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Crepuscular études

Crepuscular. I love that word and always have to look it up.

A photo posted by Tim Ungs (@timungs) on

I posted this on Instagram yesterday, and it led to comments from friends as far afield as Minnesota, Brazil and Australia. Genevieve in St. Paul declared it “word of the day,” and Dan in Sao Paulo informed me that crepuscular is a common Portuguese word, which I didn’t know, but it makes sense. Saudade has no direct English translation either.

Then Ricky chipped in from Corrimal.

Personally, I’m quite fond of dawn and dusk, they have a bit of a mystic feel. The changing of the light is always interesting.

…I love the outline of the cow…. The filigree quality of the trees against the light is beautifully delicate, and the warm glow on the horizon sets the middle ground of the frame, but it’s the presence of of the animal and its lack of complete definition that brings it all back to earth.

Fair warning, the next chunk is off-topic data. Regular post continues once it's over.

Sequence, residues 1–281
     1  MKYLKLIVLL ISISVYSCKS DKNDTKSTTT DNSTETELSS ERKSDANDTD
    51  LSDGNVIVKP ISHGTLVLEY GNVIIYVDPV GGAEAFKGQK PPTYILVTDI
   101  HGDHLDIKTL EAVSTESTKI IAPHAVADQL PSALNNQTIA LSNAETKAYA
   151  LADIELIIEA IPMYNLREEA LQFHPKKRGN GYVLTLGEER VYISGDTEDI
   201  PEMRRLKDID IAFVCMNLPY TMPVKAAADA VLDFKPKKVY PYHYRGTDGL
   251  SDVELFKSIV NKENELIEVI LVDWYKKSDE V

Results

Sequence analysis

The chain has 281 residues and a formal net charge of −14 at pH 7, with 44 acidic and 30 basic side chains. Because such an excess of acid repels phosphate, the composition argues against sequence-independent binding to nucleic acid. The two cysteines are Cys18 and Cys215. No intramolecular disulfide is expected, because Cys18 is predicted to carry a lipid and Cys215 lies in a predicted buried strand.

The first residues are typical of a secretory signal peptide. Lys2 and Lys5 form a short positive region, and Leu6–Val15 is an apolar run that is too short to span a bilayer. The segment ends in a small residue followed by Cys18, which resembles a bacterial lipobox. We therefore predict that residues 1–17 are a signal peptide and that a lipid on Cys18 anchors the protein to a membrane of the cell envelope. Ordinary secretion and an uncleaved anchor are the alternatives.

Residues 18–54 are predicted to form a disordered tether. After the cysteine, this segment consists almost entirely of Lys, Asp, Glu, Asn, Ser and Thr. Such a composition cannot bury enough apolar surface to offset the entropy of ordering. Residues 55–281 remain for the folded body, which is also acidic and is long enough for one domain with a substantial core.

I didn’t know I had done all that, but … yeah. I hadn’t wanted to explain the shot too much, Ricky’s interest in it led me to confess to what I was really after.

I was actually photographing that cow more that the entire scene. She just lost her calf yesterday morning. It’s been my experience that cows don’t quite get it when their calves die, especially when they get taken away (and the Dead Truck came around in record time, a mere 15 minutes after I had called). So typically the mama bellows for the calf for a couple of days. She comes up to me accusingly and bellows with special ferocity, as if to say “where’d you put my calf!??!”

Ricky: With my tendency to anthropomorphise, I couldn’t do what you do, Tim.

Me: Well, you harden over time I guess. Yesterday I took the opportunity to ship off two of my favorite old cows as well (they both had udder problems and couldn’t nurse their calves, and one had chronic hoof issues). They got onto the trailer like humans stepping onto a bus, and when we opened the gate, both trotted gamely into the heart of the cacophonous stockyard labyrinth.

I felt a bit of a pang, but turned and let ’em go.

When I told my daughter we had sold the big red cow with the horns, she was very upset with me.

“I had to sell her,” I told her. “You didn’t HAVE to,” she replied. Correctly.

timandcow

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